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Leading Toy Soldiers Into Battle

"Army Men" doesn't try to separate the men from the boys--its premise is that you can be both.

March 01, 2001|SCOTT STEINBERG | steinbergs@hotmail.com

Life's all play and no work at The 3DO Co., or so it would appear. Much of the publisher's recent success can be attributed to its popular "Army Men" games. Senior creative director Michael Mendheim comments on 21st century boys and the complexity of their toys:

Q: Why would grown-ups want to play with toy soldiers?

A: Most adults remember the toys of their youth and the joy that they brought. As a child, I played with toy soldiers, and I remember thinking how cool it would be if they were alive.

Q: How do you work nostalgia into the game?

A: Think back to your childhood and remember a time when you spent many magical hours on the living room floor or in the backyard waging imaginary battles with toy soldiers. We try to capture the spirit and imagination of youth in these games.

Q: Does a product focused on toy warfare have to be exceptionally violent?

A: Our mandate from Day 1 was to create a family-oriented video game. "Army Men's" success relies on humor and nostalgia--not violence. Soldiers don't die in "Army Men" games--they break apart into pieces of plastic, which can then be used to create reinforcements via molds. There is no blood in these games, and all violence is handled in a classic Warner Bros. cartoon style. We don't need to put gratuitous violence into our products to be successful.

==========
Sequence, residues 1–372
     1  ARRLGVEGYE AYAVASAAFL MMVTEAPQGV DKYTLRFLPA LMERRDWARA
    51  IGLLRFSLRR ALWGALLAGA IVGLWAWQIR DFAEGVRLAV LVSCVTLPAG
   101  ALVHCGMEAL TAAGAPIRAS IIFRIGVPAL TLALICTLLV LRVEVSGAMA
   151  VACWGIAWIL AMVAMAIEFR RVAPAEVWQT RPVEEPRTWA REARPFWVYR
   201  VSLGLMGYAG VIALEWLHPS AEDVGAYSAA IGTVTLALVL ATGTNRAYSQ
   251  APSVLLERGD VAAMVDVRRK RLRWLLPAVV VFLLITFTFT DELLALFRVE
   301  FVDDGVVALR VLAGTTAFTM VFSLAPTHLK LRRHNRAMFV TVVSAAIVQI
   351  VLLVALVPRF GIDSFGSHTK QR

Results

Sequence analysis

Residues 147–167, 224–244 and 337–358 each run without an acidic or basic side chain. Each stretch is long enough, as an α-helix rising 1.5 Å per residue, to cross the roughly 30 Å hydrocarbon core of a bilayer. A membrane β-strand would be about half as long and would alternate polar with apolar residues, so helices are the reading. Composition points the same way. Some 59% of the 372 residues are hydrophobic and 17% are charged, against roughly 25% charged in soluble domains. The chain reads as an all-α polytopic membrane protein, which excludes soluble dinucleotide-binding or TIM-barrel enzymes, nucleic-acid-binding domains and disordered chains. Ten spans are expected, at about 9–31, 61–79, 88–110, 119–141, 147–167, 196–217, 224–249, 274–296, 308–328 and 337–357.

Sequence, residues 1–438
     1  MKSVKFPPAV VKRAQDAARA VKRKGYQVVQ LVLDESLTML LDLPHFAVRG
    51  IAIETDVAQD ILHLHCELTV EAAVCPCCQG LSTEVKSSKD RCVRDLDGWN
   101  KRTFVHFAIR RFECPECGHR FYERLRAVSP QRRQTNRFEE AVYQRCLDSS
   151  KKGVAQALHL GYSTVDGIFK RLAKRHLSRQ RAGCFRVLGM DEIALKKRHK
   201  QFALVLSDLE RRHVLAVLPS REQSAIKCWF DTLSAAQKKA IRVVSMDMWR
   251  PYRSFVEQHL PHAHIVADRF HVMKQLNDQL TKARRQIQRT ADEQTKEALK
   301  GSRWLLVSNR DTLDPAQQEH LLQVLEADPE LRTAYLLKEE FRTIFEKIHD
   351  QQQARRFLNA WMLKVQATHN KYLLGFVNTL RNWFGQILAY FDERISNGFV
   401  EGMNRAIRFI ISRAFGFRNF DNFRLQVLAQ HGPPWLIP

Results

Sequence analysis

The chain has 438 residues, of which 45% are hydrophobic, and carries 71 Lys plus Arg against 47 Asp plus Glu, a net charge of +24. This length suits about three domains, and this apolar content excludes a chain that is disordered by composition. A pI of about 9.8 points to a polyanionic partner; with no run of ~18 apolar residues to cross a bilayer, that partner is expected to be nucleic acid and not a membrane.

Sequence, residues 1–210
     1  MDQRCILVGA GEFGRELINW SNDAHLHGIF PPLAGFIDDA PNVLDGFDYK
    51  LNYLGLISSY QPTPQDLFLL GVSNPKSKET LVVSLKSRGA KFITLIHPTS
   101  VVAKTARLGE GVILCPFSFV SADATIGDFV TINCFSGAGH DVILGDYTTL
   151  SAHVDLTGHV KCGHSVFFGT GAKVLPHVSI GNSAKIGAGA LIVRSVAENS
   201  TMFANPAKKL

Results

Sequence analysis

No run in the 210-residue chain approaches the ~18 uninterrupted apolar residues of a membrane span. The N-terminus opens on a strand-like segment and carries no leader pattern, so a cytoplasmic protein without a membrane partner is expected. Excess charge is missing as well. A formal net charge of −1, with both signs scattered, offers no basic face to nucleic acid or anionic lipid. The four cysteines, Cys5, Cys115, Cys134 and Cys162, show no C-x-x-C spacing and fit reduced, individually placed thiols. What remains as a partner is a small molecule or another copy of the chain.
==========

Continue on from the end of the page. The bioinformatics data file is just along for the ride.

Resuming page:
Q: What kind of manpower is required to produce a fairly simple action game?

A: No game is fairly simple or easy. Each project requires a monumental effort by the development teams to produce an interactive game. For PlayStation 2 products, our development teams average about 30 to 35 people. This is split up mostly between three disciplines: art, design and engineering. The team and project are managed by a director and an executive producer. The director focuses on the team and project management. The producers watch the schedule and the books.

Q: Any formulas through which you develop a personality for a stand-out heroine like Vikki?

A: When doing character design, it is important that every character has a visual hook--something that stands out from the clutter and forces the viewer to remember. If the character design is missing this one very important element, it will fail. For Sarge, it was an unusually big chin; for Vikki, it was her green hair and eyes. Taking the Vikki character design one step further, we also knew we didn't want an oversexed vixen as a character because we're making family entertainment, and almost every video game that stars a female lead features her as a sex symbol. Vikki was designed to appeal to adult males in the following way: She's someone you would want to marry, not someone you would only want to spend one night with.

Q: Just how juvenile should a game like this be?

A: "Army Men" games appeal to a wide range of players. We are always cautious to have humor and story lines that appeal to both younger and older players in much the same way as "The Simpsons" television show appeals to a broad spectrum of ages. Younger viewers like the content but may not understand all the humor.

Q: Did you play with Barbie dolls as a kid?

A: Yes, actually. Barbie was always the damsel in distress waiting to be rescued by G.I. Joe. My sister would go nuclear when this happened.

Scott Steinberg is a freelance writer specializing in video games.

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